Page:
McCauley Key, Community Worker for the Doncaster Circuit explains how the Circuit support Doncaster Pride 2022.
He said: "This year members from across Doncaster Methodist Circuit were involved with Doncaster Pride. This involved a stall in the town centre for 'City Pride' and a stall in Elmfield Park for the 'Main Event'.
"One lady who visited our stall had not long broken up from her girlfriend and the experience for her was very saddening as it was her first relationship. We prayed and asked God for reassurance and comfort. On another occasion, two young women in a relationship teared up after hearing how much they are loved because it's not something they hear very often.
"Other people enquired about inclusive churches and we even ended up inviting a few people to one of the churches that we represent. Some gay couples were also interested in getting married in the Methodist Church upon hearing about the God in Love Unites us report.
"People were curious as we were the only ones at the event talking about faith. Whilst we were there representing the Christian faith, there where people of other faiths such paganism and atheism. We were interested in hearing more about this and asked how people connect their faith, whatever that might be, with their sexuality. Interestingly, although people hadn't really given it much thought, people found that there is often a tendency in many households to not talk about sexuality in the same way that people do not talk about religion, because it is almost seen as something personal and private.
"The definition of sexuality, outlined by the World Health Organisation, describes how 'sexuality is experienced and expressed in thoughts, fantasies, desires, beliefs, attitudes, values, behaviours, practices, roles and relationships.' Faith can therefore be a really important factor in how someone chooses to express their sexuality.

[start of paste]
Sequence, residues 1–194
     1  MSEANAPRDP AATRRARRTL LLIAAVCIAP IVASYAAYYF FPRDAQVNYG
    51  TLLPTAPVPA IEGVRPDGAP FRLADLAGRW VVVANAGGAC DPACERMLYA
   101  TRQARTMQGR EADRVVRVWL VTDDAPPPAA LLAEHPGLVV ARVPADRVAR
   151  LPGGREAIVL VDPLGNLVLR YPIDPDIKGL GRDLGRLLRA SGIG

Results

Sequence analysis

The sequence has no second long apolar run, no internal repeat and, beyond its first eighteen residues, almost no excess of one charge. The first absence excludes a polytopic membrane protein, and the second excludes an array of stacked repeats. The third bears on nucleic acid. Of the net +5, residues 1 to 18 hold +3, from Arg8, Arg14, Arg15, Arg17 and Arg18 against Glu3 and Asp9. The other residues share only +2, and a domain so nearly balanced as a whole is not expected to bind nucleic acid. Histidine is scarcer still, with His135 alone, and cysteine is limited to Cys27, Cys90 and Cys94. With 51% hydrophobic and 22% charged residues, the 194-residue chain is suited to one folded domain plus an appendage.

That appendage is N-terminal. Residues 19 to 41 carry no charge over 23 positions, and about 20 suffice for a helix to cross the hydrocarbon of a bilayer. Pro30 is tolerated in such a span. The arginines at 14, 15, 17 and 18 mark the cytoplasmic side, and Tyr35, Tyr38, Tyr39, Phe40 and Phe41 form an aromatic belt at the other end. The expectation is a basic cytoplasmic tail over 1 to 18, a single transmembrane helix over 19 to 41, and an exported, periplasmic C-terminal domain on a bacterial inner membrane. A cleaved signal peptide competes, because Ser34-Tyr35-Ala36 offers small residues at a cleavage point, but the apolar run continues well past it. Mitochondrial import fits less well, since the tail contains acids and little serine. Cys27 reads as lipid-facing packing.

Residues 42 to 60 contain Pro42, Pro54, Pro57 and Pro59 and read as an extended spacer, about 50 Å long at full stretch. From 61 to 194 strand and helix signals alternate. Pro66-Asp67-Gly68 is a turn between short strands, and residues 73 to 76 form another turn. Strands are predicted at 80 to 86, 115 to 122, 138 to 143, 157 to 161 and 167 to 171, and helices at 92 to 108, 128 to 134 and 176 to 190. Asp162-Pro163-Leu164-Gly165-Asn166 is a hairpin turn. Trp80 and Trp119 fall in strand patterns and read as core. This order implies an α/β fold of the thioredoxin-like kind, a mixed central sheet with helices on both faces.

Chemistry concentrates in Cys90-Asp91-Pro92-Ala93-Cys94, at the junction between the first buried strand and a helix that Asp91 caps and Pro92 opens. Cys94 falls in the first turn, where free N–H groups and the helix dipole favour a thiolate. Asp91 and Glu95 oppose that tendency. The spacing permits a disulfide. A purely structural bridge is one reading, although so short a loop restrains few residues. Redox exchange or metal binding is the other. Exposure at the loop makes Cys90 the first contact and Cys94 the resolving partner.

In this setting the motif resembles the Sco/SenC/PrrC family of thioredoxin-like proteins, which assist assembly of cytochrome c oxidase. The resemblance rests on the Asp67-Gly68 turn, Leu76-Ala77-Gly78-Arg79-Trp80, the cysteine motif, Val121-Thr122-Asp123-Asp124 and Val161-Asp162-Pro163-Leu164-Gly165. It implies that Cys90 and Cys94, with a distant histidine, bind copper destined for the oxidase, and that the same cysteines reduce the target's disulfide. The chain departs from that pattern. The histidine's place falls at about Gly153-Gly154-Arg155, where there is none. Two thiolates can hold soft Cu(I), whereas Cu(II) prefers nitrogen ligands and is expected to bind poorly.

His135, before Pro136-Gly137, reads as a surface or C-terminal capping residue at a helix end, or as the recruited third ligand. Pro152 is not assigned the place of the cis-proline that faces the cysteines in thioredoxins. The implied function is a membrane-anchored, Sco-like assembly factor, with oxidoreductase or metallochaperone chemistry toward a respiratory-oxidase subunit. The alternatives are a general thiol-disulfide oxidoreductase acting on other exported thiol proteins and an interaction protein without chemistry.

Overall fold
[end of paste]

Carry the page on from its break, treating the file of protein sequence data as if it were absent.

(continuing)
"We suspect people were puzzled by our stall because it came across as a clash of cultures, with sexuality being on one side and a belief in God being on the other. These perceptions were heightened by the decision made at the international Anglican Bishops Lambeth Conference to reaffirm the traditional understanding of marriage the same week we were doing our pride stall.
"We found that because of these perceptions, we were using a theology of embodiment to get the idea across that as Christians, we do not make sense of our faith in a vacuum. Rather, we explore our faith and test our calling through lived experiences. This means journeying alongside people as they are bullied because of their sexuality, or who won't go into a church through fear of being condemned.
"This wasn't a stall that provoked debate or talked about faith on an abstract level, this was a stall that was actively listening to the problems found in society and then responding on a deeper, more meaningful level."
Suggested reading: Andrew Marin. (2016). Us versus Us: The Untold Story of Religion and the LGBT Community. Illinois: Tyndale House Publishers.